Regulations presents uneven playing field in vendor’s eyes


By Blythe Alspaugh - balspaugh@sidneydailynews.com



Jason Frantom, left, of Crossway Farms, 2211 Cisco Road, Sidney rings up a sale during a previous Great Sidney Farmers’ Market. This year’s market, held on the courtquare every Saturday morning from 8 a.m. until noon, opens Saturday and runs through Oct. 12. Matt Clayton | Sidney Daily News

Jason Frantom, left, of Crossway Farms, 2211 Cisco Road, Sidney rings up a sale during a previous Great Sidney Farmers’ Market. This year’s market, held on the courtquare every Saturday morning from 8 a.m. until noon, opens Saturday and runs through Oct. 12. Matt Clayton | Sidney Daily News


SIDNEY — The Great Sidney Farmer’s Market opens Saturday, May 23, with regulations in place to keep customers and vendors safe—but not everyone is pleased with the new set of rules.

“You know, we’ve been in the produce business for over 30 years, and nothing is more personal to a person — to most people — than selecting their own produce. You know, they’ll grab a frozen box and throw it in their cart, whatever, but when it comes to produce, they want to see it, they want to touch it, before they put it in a bag,” Tom Brown of Hilltop Harvest Farm said. “Under the rules, grocery stores can continue doing that, but farmer’s markets aren’t allowed to do that.”

Aside from customers not being allowed to handle produce until after purchase, vendors are spaced roughly 20 feet apart from each other and are asked to put up tents to give a visual barrier with social distancing. Vendors are asked to limit what they showcase on tables, and assign one person to assist with customers and one to cash customers out. Cashiers are required to wear gloves and sanitize between customers. All vendors working must wear masks. Customers may not enter the vendor’s space, and must remain six feet apart — places will be marked in chalk for customers to stand, to help ensure social distancing.

Brown’s issue comes with not being able to allow customers to touch the produce before they purchase it — primarily because grocery stores are not subjected to the same regulations.

“Grocery stores, it’s business as usual — people come in, pick up their produce, put it in the bag, and go pay for it,” Brown said. “We’re not allowed to let a customer touch the produce until we bag it and they pay for it.”

Brown has seen both sides of the business, having grown produce and sold it to produce managers at grocery stores in the past. The new regulations, he feels, heavily favor grocery stores and put independent vendors at farmer’s markets under a disadvantage.

“I know both sides of the market, and for many years, the produce managers were hungry for any kind of produce we could get them because they knew that it would sell. It’s a major income for the produce companies, and produce companies have never liked farmer’s markets. I’ve heard it personally, from produce managers years ago,” Brown said. “They do not like local markets, they do not like farmer’s markets, because it took sales away from them.”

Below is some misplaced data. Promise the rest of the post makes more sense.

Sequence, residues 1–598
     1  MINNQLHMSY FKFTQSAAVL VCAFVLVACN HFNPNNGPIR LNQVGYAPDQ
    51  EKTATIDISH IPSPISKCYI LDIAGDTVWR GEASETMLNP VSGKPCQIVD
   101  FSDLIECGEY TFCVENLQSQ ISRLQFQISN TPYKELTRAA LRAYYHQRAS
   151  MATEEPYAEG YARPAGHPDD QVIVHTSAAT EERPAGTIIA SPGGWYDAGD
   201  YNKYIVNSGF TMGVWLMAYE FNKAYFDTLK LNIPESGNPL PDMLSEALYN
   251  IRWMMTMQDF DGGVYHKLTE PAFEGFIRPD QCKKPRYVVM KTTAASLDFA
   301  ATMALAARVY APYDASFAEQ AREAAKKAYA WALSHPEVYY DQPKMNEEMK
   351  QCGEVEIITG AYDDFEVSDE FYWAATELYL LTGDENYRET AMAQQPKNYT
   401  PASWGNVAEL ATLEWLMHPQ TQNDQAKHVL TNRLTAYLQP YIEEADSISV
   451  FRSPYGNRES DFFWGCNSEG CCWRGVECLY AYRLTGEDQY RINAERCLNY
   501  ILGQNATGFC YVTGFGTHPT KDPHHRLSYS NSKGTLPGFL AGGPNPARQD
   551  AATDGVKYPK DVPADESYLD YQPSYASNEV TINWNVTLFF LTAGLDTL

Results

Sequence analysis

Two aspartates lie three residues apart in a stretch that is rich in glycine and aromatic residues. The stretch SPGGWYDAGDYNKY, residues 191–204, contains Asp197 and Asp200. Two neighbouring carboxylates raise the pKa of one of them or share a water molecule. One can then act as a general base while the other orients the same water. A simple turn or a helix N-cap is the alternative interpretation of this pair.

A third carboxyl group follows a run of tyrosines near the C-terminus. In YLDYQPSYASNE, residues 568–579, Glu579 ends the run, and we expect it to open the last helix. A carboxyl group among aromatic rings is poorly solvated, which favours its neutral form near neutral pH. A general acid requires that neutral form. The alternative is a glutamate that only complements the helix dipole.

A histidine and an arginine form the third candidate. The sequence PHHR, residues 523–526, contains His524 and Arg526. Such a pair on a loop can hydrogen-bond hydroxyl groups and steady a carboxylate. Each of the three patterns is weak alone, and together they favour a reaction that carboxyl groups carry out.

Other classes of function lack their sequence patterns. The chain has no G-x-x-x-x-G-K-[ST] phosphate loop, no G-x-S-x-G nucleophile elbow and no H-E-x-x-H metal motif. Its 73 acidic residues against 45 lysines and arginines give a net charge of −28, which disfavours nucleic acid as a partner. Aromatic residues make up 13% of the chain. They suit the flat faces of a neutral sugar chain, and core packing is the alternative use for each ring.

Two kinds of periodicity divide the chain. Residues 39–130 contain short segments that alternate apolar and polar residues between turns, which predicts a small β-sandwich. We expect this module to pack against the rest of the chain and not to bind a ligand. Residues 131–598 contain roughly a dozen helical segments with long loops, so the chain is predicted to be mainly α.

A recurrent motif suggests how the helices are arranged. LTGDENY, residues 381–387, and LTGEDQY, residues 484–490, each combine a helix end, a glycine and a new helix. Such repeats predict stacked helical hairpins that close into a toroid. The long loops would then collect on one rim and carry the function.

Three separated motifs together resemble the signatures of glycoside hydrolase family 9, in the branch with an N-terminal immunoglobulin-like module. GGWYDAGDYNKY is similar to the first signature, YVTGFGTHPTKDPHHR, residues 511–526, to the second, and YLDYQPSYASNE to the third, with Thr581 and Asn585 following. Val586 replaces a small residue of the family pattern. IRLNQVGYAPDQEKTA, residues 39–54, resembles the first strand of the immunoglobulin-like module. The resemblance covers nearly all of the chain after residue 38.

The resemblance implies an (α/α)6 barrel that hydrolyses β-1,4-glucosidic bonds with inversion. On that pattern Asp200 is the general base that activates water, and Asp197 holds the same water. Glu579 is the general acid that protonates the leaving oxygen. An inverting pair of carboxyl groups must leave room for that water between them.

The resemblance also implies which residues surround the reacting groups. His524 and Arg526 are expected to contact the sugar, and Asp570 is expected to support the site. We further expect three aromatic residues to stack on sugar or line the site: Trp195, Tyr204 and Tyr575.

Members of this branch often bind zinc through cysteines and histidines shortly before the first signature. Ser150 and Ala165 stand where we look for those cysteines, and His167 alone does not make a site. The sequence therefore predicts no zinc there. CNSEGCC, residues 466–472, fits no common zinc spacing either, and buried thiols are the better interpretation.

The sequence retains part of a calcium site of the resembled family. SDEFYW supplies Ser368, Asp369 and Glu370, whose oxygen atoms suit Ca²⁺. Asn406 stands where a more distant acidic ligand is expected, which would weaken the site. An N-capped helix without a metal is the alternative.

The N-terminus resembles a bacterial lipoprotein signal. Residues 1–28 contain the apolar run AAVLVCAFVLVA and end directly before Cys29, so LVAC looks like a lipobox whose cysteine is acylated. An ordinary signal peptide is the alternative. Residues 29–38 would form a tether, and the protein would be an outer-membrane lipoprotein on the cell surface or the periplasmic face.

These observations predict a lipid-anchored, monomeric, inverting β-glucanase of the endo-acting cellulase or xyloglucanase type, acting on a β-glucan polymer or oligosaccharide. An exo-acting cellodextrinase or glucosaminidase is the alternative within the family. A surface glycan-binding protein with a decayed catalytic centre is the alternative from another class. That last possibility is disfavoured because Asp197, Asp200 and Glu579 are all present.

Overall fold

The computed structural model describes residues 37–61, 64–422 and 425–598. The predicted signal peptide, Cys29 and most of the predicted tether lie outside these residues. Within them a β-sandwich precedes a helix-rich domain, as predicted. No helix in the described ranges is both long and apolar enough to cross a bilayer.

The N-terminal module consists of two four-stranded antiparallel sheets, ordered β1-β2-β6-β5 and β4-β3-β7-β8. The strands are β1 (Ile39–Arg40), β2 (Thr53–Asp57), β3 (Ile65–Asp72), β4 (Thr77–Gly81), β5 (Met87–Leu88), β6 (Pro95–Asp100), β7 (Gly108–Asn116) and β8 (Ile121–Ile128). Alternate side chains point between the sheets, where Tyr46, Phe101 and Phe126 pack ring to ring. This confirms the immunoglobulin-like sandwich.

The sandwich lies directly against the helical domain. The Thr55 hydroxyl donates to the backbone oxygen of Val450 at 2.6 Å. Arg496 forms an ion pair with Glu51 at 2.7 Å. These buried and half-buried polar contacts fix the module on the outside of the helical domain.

Before the safety regulations at farmer’s markets came out from the Ohio Department of Agriculture, Brown had researched on the CDC’s website so he could get an idea of what he and his family should prepare for once farmer’s markets opened and they could sell produce. Currently, the CDC reports that there is no evidence that supports the transmission of COVID-19 associated with food, and recommends 20 seconds of handwashing with soap and warm water before preparing food. (Link to information: https://www.cdc.gov/foodsafety/newsletter/food-safety-and-Coronavirus.html).

“Washing it is important, there’s numerous experts that have said that simply washing it with water will do wonders. You don’t need to have soap on the produce. So, there’s nothing scientific that would substantiate and support this rule, and that’s what I’m complaining about and trying to spread the word on,” Brown said.

The regulations in place for farmer’s markets bothered Brown so much that he sought out state politicians to air his grievances and get some more concrete answers on why these rules were put in place for vendors at local markets, but not grocery stores. He contacted Lt. Gov. John Husted by email, and received no answer. He found a couple of phone numbers on the internet, called them, and left messages. No one returned his calls. He emailed his state representative Susan Manchester, and never got a reply. With no one left to answer his questions, he turned toward Facebook to vent his frustrations to his customers, in the hopes that someone would hear him and word would get around.